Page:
Finally, it happened. After months of equivocation, the government did what was obviously necessary but what it had for so long lacked the courage to do: it stood up to the News Corp papers and the opposition and redrafted the stage three tax cuts.
The next morning, the front page of The Australian was a wall of anxious text. The splash described it as “Albanese’s tax ambush”. Anthony Albanese was photographed sheltering behind glass. Apparently 1.8 million people, who are still getting a tax cut, who are still the wealthiest people in the country, were being used to fund a “political cost-of-living fix”.
One of two comment pieces on the page claimed the redrafting of the stage three tax cuts was a “bigger broken election promise” than Howard’s claim there would never be a goods and services tax. The prime minister had “trashed his credibility” and delivered a “cynical repudiation of the fundamental reform intention of the tax changes”.
Repeated were the old lies of productivity being restrained by taxes. There was the spectre of negotiating with the Greens. Class politics were invoked. The decision put the prime minister’s “character on trial”.
Mostly, it was like the scene near the end of The Wizard of Oz. For all the thundering rhetoric, there was not much there: a little man behind a curtain, whose name might be Dennis or Simon or Joe, whose loudspeaker is smaller than you’d guessed.
Albanese’s revision of the stage three cuts is more important than simple economics, although this also matters. He has saved the country from an entrenched inequality that would have destroyed our health and education systems. He has also proved to himself and his party that the orthodoxies of our politics can be challenged.
The Murdoch press is not all powerful. This has been true for decades, although no sitting politician has been willing to test it. The Australian does not decide the news. The metropolitan tabloids do not determine who wins in outer-suburban seats.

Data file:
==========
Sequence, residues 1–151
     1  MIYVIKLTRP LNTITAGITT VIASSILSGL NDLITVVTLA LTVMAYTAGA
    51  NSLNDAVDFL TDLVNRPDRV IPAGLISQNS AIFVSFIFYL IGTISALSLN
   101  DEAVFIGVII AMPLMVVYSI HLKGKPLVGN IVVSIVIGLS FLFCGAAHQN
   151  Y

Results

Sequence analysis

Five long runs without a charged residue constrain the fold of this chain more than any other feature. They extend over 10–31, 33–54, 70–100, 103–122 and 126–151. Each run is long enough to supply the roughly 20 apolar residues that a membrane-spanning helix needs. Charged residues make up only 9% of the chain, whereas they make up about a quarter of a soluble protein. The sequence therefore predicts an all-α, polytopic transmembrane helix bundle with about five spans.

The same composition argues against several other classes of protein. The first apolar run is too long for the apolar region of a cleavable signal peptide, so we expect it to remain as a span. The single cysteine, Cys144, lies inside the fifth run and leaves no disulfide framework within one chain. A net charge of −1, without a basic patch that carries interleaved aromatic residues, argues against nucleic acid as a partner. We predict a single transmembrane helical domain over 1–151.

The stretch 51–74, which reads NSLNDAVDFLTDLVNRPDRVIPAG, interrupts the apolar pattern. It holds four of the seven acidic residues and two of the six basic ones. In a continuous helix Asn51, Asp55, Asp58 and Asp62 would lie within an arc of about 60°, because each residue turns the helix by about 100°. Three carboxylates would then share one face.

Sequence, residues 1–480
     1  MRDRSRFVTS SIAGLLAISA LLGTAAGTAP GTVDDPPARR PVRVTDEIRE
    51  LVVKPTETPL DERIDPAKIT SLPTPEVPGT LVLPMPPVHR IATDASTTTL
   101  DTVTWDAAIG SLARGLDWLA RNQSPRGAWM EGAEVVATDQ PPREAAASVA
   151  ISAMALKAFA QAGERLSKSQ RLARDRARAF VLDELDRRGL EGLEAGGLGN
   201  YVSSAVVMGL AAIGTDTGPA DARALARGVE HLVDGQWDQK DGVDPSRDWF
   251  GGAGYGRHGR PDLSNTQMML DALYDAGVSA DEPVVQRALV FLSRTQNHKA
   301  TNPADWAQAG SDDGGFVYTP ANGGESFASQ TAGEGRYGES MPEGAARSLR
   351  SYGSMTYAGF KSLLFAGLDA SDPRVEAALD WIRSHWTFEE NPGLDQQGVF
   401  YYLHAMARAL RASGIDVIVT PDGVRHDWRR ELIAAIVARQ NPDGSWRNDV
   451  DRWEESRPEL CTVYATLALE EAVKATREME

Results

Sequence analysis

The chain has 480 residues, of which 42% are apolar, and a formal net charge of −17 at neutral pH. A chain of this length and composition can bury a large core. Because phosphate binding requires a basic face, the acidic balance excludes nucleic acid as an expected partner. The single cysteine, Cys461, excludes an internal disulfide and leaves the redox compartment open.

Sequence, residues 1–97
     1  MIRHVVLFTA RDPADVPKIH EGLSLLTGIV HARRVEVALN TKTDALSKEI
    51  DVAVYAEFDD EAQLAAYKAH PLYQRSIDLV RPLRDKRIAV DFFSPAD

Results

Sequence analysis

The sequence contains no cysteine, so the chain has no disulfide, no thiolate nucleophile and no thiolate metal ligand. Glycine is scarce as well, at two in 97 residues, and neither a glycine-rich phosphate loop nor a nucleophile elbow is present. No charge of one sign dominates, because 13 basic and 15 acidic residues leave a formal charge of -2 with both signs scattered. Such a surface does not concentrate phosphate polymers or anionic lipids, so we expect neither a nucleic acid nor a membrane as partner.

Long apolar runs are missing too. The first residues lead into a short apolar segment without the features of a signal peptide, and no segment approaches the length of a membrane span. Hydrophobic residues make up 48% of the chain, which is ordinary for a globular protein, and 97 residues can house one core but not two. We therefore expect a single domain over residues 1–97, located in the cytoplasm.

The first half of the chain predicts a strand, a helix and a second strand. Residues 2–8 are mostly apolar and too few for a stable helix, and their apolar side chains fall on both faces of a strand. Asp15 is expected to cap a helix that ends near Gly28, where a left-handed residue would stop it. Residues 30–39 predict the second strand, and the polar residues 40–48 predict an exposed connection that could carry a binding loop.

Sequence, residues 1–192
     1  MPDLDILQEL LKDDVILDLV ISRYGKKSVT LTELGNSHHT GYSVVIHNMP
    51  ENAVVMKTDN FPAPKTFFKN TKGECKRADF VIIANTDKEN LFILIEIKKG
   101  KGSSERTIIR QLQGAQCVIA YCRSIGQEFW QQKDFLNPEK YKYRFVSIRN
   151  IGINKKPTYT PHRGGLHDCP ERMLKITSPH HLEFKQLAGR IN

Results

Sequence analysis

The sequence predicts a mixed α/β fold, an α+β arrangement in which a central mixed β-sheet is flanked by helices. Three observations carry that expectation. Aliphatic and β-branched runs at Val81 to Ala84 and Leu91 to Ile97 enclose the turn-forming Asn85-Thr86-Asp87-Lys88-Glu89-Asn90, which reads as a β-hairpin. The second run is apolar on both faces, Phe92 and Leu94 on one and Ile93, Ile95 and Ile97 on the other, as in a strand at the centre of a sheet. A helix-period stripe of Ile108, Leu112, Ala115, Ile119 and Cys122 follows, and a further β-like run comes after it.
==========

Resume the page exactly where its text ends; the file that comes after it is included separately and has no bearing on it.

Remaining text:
The entire empire can burn with indignation, can line graphs with upside-down arrows and bring war to the language of economic policy, and it does not matter. The world does not tremble, not even slightly.
Peter Dutton thinks there should be a snap election. He claims the prime minister has lied. This is a man who thinks the truth is something you used to buy when you picked up a scratchie. He has the integrity of a Cruskit.
It doesn’t bother him. He lives in a world of faux outrage. “I’d say to the people of Dunkley and the broader Australian people: if this prime minister is prepared to look at your neighbour in the eye and lie to him or her, you are next.”
None of this washes. For three decades, the Coalition leached the truth from politics. They made lying the language of diplomacy, as French used to be. There were special accents for core and non-core promises. The crimes for which Albanese is being fitted up were long ago struck from the statute books.
Besides, Albanese is not lying. He’s telling the truth, which is much harder. He’s saying that something is not possible, it’s not fair and it can’t happen. This shouldn’t be brave, but it is. Despite everything else, he is being believed.
The test now is to stay this course, to continue to refuse the politics of fear, the thinking that lets a few clapped-out newspapers and a loon opposition decide what is and is not possible. What’s possible is what is necessary and the country will be better for it.
This article was first published in the print edition of The Saturday Paper on January 27, 2024 as "Defeating the wizard".
For almost a decade, The Saturday Paper has published Australia’s leading writers and thinkers. We have pursued stories that are ignored elsewhere, covering them with sensitivity and depth. We have done this on refugee policy, on government integrity, on robo-debt, on aged care, on climate change, on the pandemic.
All our journalism is fiercely independent. It relies on the support of readers. By subscribing to The Saturday Paper, you are ensuring that we can continue to produce essential, issue-defining coverage, to dig out stories that take time, to doggedly hold to account politicians and the political class.
There are very few titles that have the freedom and the space to produce journalism like this. In a country with a concentration of media ownership unlike anything else in the world, it is vitally important. Your subscription helps make it possible.
Select your digital subscription